Mission Statement
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Easily one of the standout features of this year's festival, the Osborne brothers' dark, bitter satire places these filmmakers somewhere between the Farrellys and the Coens. Filled with absurdist touches, cruel-spirited parody, and bravura fantasy sequences, the film recalls in tone and texture works by Albert Brooks and John Waters. Alert viewers may even detect some resemblances to Tony Richardson's forgotten masterpiece The Loved One.

The bizarre tale concerns Emile (Kent Osborne), a twentysomething slacker and television addict squandering his life in the malaise of a San Fernando Valley suburb. He's glued to the set for a documentary on squirrels when, oddly enough, a squirrel on his roof disconnects his cable line. Now that the actual and television worlds have collided-and the result is nothing but snow on the screen-Emile decides to kill himself. As his wrist spurts blood, Emile receives a call from the manager of a failing Ventura Boulevard motel offering him a position as night-shift janitor. It appears that he has been saved by the bell, but later, when the supermarket runs out of chicken pot pies, Emile declares to oafish night-shift manager Henry (David Koechner behaving for all the world like the next Bill Murray) that he is again suicidal.
History Today
Filled with absurdist touches, cruel-spirited parody, and bravura fantasy sequences, the film recalls in tone and texture works by Albert Brooks and John Waters. Alert viewers may even detect some resemblances to Tony Richardson's forgotten masterpiece The Loved One.
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The bizarre tale concerns Emile (Kent Osborne), a twentysomething slacker and television addict squandering his life in the malaise of a San Fernando Valley suburb. He's glued to the set for a documentary on squirrels when, oddly enough, a squirrel on his roof disconnects his cable line. Now that the actual and television worlds have collided-and the result is nothing but snow on the screen-Emile decides to kill himself. As his wrist spurts blood, Emile receives a call from the manager of a failing Ventura Boulevard motel offering him a position as night-shift janitor. It appears that he has been saved by the bell, but later, when the supermarket runs out of chicken pot pies, Emile declares to oafish night-shift manager Henry (David Koechner behaving for all the world like the next Bill Murray) that he is again suicidal.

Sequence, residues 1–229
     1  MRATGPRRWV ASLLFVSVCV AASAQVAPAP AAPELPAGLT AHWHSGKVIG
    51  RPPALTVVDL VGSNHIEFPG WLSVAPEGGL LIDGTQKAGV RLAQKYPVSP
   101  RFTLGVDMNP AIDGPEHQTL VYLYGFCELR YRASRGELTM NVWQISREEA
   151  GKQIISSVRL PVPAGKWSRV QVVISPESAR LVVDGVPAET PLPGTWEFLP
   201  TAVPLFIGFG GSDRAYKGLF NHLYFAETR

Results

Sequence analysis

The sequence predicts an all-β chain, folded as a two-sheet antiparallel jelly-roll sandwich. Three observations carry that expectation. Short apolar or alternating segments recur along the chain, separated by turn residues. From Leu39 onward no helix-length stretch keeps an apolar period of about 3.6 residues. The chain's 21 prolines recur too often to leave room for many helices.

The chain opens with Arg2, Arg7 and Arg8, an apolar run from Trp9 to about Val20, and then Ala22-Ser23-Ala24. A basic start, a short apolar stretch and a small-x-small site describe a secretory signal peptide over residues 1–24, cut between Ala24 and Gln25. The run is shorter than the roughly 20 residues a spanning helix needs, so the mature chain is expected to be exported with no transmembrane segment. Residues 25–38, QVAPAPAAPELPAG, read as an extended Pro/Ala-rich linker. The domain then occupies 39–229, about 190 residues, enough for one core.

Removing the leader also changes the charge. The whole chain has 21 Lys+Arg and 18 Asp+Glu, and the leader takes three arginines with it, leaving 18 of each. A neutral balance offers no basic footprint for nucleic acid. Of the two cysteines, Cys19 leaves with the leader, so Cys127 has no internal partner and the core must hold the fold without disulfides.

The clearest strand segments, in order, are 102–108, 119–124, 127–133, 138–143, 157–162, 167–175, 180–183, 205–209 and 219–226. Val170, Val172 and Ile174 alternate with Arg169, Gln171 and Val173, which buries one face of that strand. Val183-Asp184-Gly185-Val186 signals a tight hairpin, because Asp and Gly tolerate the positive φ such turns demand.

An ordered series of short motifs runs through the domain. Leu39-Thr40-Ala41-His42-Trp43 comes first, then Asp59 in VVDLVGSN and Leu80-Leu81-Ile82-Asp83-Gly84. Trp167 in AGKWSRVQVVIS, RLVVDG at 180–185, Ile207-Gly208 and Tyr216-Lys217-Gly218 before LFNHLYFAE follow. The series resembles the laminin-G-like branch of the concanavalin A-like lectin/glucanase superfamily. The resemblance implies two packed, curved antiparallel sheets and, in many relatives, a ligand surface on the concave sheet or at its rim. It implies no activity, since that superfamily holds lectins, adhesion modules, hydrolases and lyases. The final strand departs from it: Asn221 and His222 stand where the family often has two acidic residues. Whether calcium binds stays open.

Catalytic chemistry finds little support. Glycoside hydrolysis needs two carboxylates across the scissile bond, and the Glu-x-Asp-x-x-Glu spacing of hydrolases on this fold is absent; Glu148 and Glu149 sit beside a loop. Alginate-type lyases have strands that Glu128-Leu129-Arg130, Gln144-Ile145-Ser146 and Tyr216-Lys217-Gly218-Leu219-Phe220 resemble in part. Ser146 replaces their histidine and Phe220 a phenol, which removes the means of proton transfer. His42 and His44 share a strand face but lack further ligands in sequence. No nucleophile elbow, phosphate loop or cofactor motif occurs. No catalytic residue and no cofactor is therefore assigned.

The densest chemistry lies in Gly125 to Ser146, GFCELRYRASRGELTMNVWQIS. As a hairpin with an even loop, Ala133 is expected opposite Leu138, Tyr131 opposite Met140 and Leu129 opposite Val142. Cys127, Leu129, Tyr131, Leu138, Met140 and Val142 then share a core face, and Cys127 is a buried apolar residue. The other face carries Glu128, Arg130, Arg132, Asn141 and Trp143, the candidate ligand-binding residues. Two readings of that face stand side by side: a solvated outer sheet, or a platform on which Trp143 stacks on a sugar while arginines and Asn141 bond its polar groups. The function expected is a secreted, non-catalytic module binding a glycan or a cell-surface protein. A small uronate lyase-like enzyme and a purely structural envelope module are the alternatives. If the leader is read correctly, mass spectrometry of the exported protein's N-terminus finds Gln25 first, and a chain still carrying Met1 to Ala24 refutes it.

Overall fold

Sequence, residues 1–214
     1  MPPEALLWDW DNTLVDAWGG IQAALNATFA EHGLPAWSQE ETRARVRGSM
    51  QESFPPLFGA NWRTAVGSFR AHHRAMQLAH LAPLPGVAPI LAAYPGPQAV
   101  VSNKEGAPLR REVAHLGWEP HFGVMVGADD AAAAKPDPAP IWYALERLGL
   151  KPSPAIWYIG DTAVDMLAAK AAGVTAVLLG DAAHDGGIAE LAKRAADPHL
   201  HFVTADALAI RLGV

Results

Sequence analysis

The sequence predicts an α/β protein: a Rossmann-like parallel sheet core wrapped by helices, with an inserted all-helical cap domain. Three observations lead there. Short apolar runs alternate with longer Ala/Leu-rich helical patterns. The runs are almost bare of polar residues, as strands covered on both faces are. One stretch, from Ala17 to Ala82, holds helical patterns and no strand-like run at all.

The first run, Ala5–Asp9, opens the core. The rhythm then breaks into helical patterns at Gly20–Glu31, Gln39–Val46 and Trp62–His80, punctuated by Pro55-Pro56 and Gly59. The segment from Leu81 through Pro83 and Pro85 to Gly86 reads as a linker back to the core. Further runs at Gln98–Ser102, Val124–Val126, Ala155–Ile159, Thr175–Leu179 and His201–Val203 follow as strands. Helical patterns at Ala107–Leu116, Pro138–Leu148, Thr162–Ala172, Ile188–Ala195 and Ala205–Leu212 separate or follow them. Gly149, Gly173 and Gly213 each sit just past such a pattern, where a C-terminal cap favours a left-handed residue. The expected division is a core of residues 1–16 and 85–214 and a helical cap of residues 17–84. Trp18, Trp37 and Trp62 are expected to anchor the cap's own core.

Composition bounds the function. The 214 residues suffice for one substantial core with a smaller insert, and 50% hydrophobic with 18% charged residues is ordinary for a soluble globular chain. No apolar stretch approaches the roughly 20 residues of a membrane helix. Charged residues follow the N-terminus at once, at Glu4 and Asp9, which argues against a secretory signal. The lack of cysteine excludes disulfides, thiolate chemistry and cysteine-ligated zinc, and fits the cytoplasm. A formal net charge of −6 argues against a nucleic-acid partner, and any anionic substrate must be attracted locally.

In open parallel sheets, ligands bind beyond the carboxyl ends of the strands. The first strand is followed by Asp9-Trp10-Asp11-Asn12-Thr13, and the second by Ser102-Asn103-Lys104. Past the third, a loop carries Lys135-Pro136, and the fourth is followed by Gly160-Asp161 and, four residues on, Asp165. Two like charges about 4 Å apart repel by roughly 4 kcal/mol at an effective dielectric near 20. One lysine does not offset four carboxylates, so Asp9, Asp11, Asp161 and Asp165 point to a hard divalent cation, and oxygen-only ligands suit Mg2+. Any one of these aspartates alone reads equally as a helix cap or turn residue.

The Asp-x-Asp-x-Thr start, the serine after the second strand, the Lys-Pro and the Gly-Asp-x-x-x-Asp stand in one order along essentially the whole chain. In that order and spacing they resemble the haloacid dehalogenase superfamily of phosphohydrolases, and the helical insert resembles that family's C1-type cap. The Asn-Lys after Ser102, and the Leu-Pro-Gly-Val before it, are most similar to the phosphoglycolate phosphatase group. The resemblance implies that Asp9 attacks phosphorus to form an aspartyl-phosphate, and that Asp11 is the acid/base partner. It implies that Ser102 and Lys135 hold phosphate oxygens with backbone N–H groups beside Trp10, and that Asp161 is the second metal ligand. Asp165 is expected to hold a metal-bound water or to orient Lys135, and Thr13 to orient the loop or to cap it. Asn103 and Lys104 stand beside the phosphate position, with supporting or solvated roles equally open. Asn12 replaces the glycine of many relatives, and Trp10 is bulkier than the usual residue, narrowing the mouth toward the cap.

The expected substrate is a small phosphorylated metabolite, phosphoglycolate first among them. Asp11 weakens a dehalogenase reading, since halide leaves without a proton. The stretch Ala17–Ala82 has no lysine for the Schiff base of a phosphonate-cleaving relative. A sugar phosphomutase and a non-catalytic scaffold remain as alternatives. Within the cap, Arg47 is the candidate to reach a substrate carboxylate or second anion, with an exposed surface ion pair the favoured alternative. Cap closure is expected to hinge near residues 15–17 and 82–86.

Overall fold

He plans to leave a video suicide note for his ex-girlfriend, and the venal Henry agrees to deliver the document as long as he can keep the state-of-the-art mini digital camera he has persuaded Emile to purchase for the project. Henry brings his buddy Andrew (Vince Vieluf) along to collect the goods, but they discover an apologetic Emile struggling to complete his video. Andrew, a know-it-all Hollywood brat whose father directed a few episodes of "Mama's Family," hears Emile's monologue and has an epiphany: "He's not just talking to his girl. He's speaking to a generation." Andrew and Henry decide to expand this event and make an independent film of Emile's suicide. Before long, Andrew gets some real money from producers, and Emile's suicide grows into a full-scale production with budget, crew, extras, and trailers parked on his curb. The real world and the film world have collided again.
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